Predictors of Poor Outcomes in Functionally Dependent Patients Undergoing Elective Ventral Hernia Repair

Drew Reynolds, MD, Daniel Davenport, PhD, J. Scott Roth, MD. University of Kentucky

 

 INTRODUCTION:
Pre-operative functional health status has previously been shown to affect outcomes following ventral hernia repair. As the patient population ages, there is an associated increase in comorbidities and concomitant decrease in patients’ autonomy. Within the ACS NSQIP database, progressive lack of autonomy is defined as either partial or total dependence based on the degree to which patients are able to perform acitivities of daily living. Given the trend of increasing complications in those with limited functional health status, the decision to proceed with elective hernia repair can be challenging. The objective of this study is to identify specific factors contributing to morbidity and mortality in functionally dependent patients undergoing elective ventral hernia repair.

METHODS AND PROCEDURES:
We reviewed all patients in the ACS NSQIP database that underwent elective ventral hernia repair from 2005-2009. Patients were selected based on the following CPT codes: 49560, 49561, 49565, 49566, 49568, 49570, 49572, 49585, 49587, 49652, 49653, 49654, 49655, 49656, and 49657. Only patients classified as partially or totally dependent were included in the study. Thirty-day outcome measures included mortality, wound complications (superficial, deep, or organ/space surgical site infection, dehiscence), pulmonary occurrences (pneumonia, ventilation >48 hours, unplanned intubation), venous thromboembolism, and the development of sepsis/shock. We analyzed risk factors using chi-square univariate testing and multivariable logistic regression.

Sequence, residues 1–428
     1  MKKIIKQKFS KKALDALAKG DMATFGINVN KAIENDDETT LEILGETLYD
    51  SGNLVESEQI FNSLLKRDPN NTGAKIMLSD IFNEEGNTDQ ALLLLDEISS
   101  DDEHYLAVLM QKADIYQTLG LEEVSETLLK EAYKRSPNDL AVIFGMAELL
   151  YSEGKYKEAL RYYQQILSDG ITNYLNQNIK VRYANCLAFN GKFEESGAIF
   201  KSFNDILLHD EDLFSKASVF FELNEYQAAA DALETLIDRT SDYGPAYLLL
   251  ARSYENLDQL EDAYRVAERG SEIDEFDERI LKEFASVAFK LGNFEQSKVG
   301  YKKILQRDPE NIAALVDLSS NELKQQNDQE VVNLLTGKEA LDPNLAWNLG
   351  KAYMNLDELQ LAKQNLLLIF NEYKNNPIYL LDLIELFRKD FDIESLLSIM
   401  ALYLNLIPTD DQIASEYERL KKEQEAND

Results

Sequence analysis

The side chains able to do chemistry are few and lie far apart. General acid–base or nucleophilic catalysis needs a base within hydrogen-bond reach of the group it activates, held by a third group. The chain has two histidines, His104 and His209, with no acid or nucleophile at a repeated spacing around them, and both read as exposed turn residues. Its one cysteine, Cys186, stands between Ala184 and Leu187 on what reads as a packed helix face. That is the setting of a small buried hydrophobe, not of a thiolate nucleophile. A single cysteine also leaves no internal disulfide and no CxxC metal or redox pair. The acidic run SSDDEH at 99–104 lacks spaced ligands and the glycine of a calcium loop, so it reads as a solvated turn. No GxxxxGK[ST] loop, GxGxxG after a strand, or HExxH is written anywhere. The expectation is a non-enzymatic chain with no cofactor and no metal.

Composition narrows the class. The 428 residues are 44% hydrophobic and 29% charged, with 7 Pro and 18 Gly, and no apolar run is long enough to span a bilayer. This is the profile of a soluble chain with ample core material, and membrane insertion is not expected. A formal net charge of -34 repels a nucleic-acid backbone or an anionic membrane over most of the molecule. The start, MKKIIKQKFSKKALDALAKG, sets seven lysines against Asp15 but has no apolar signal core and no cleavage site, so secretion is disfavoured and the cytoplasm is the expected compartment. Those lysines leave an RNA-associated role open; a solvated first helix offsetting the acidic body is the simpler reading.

RESULTS:
We identified 75,865 patients who underwent elective ventral hernia repair. 1,114 functionally dependent patients were identified, 979 of which (85.6%) were classified as partially dependent and165 (14.4%) as totally dependent. Adverse outcomes included 115 wound complications (10.1%), 122 pulmonary occurrences ( 11%), and 26 cases of venous thromboembolism (2.3%). Postoperative sepsis was seen in 104 cases (9.1%). Post-operative mortality occurred in 43 functionally dependent patients (3.8%). Amongst functionally dependent patients, there was no significant difference in any mortality between laparoscopic and open hernia repairs nor were there any differences in mortality between incarcerated or reducible hernias. Operative duration did not impact mortality rates. Multivariate logistic regression demonstrated increasing age to be an independent predictor of mortality (age 70-79, Odds ratio =15.8; age 80+, Odds ratio =19.3). Similarly, the presence of ascites and preoperative renal failure were also identified as independent predictors of mortality, odds ratio 9 and 13.2, respectively.

CONCLUSIONS:
Elective hernia repair in the functionally dependent patient population carries significant morbidity and mortality. Laparoscopic ventral hernia repair offers no survival advantage over open hernia repair in this patient group. Increasing age, ascites, and preoperative renal failure are independent predictors of mortality, and nonoperative management should be strongly considered in functionally dependent patients with these risk factors.


Session Number: PDIST – Posters of Distinction
Program Number: P008
View Poster

« Return to SAGES 2012 abstract archive